The federal government is considering banning “high-risk” artificial intelligence tools as it looks to get on the front foot and ensure safeguards are in place for the emerging technology.

Minister for Industry and Science Ed Husic on Thursday released two papers on artificial intelligence, signalling an intent to make governance and regulatory changes to ensure the safe and responsible development and use of AI in Australia.

The government’s Safe and Responsible AI in Australia discussion paper looks at the existing regulations and laws in the country overseeing AI and some of the responses overseas, while the National Science and Technology Council’s Rapid Response Report: Generative AI investigates some of the risks and opportunities associated with the technology.

The papers come amid a heightened state of concern over the growth of AI, driven by generative AI tools such as ChatGPT, which was launched late last year and has become the fastest-adopted app in history.

In recent weeks a number of high-profile experts and tech leaders have warned that AI poses a “risk of extinction” and could lead to “many, many” deaths.

The Labor government is now looking to put in place appropriate safeguards to prevent these potential harms and ensure Australia benefits from the immense opportunities on offer.

“There’s been a growing sense that there’s been an accelerated development, a big leap forward in the technology, and people are wanting to think about whether or not that technology and the risk that might be presented have been thought through in a way that gives people assurance and comfort about what is going on around them,” Husic told the media on Thursday morning.

“Ultimately what we want are modern laws for modern technology, and that’s what we have been working on.”

Australia will look to follow international best practice in relation to AI regulation, but should also lead the world in some aspects, Husic said.

“We should develop a framework that levers off our advantages – we’re a great liberal democracy, we’re a trusted partner and I want us to set up a legal framework or model of regulations that can be used by other countries as well,” he said.

“We should be world leaders in this.”

The government’s discussion paper examines Australia’s current regulatory approach to AI and some of the initiatives adopted around the world, identifying some of the gaps locally.

It compares the voluntary approaches seen in countries such as Singapore with the more regulatory-based approach to be adopted in the EU and Canada.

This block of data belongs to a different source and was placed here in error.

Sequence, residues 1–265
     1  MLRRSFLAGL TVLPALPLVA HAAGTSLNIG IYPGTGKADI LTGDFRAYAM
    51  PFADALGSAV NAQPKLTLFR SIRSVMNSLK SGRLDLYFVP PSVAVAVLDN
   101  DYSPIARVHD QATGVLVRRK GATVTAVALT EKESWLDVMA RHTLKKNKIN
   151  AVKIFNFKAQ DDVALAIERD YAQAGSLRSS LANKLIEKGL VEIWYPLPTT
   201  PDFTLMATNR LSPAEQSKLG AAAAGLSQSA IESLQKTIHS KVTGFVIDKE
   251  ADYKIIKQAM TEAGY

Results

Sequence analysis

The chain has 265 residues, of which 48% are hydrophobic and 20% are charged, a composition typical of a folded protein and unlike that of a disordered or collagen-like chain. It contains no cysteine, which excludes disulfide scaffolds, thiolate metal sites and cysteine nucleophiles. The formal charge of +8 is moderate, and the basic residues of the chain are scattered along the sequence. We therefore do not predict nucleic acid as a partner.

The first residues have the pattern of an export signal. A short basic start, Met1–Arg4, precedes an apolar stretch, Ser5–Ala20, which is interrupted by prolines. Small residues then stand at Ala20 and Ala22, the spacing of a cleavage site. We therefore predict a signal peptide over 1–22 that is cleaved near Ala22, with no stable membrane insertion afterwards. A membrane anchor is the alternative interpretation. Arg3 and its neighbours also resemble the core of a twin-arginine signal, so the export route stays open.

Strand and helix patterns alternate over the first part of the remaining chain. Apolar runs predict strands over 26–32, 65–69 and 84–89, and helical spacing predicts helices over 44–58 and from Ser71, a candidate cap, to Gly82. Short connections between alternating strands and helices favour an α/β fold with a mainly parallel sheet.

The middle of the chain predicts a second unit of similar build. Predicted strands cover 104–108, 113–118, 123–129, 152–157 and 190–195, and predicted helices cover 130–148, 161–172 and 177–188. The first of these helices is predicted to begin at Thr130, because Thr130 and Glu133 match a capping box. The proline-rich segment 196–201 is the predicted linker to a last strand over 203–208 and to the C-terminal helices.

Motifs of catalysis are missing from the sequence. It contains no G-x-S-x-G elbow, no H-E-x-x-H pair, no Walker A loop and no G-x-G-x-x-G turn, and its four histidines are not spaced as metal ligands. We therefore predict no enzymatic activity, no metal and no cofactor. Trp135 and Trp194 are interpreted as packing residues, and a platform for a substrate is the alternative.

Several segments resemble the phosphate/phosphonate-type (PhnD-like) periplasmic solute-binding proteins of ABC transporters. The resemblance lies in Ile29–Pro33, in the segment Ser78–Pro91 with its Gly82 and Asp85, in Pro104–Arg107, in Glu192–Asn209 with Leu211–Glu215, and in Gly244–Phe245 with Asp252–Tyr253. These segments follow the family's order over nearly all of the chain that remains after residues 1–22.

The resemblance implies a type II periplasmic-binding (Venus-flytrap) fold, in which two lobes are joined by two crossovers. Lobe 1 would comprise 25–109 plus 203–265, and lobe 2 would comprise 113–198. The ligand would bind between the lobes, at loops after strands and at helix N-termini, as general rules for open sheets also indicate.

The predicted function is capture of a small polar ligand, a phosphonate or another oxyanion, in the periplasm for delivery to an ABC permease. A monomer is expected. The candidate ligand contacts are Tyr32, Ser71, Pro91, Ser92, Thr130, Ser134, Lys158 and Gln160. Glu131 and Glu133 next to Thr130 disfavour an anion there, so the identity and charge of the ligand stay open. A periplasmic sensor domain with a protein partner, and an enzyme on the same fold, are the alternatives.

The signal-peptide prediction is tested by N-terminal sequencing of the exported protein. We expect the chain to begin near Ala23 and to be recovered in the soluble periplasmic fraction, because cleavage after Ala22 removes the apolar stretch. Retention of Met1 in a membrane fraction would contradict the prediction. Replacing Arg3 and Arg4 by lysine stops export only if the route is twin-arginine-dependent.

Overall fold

Australia’s current approach is largely technology neutral, with elements of AI governed by data protection and privacy law, Australian Consumer Law, competition law and online safety regulations, among others, the paper said.

“I want to assure you that we’re not starting from scratch,” Husic said.

“Australia already has strong laws and guardrails in place but what we’re asking is, are they enough.”

Among the questions stakeholders have been asked to address in a whirlwind eight-week consultation period is whether some high-risk AI applications or technologies should be banned completely, and what criteria should be used to do so.

“If that consultation process does bring up high risk areas that do need a regulatory approach, that is something that will be considered by government,” Husic said.

The Rapid Response Information Report: Generative AI paper was commissioned by Husic in February and delivered by the National Science and Technology Council the following month, and looks at the opportunities and risks AI poses over the coming years.

“The current concentration of generative AI activities poses risks for Australia and raises questions about our capabilities, capacities, investments and regulatory frames,” the paper found.

The paper found a wide range of risks associated with AI, including in terms of technical systems, contextual and social risks, and systemic social and economic ones.

“The extent that these risks are realised or mitigated will depend on the actions of governments, industries, developers and consumers,” it said.

The paper also found that the “concentration of generative AI resources within a small number of large multinational and primarily US-based technology companies poses potential risks to Australia”.

Australian Computer Society (ACS) CEO Chris Vein said he welcomed the release of the two government documents for consultation.

"ACS believes that the manifest benefits from uses of AI must not come at the cost of harms to humans and environment," he said.

"We have been a long-standing advocate for frameworks, methodologies and education to promote responsible and ethical use of AI.

"We also recognise that regulation can provide appropriate incentives for organisations to evaluate risk of harms to humans and the environment from uses of AI, and to mitigate those risks. We also believe regulation has a role to play in creating adverse consequences for bad actors."

There are concerns that Australia is lagging behind on AI regulation, with a focus on voluntary principles rather than dedicated legislation.

This week a number of business leaders and public figures co-signed a short statement released by the Center for AI Safety, warning that AI poses a “risk of extinction”.

Earlier this year, a group of more than 1,000 high-profile executives signed an open letter calling for a six-month pause in the development of AI models so robust regulatory systems can be put in place.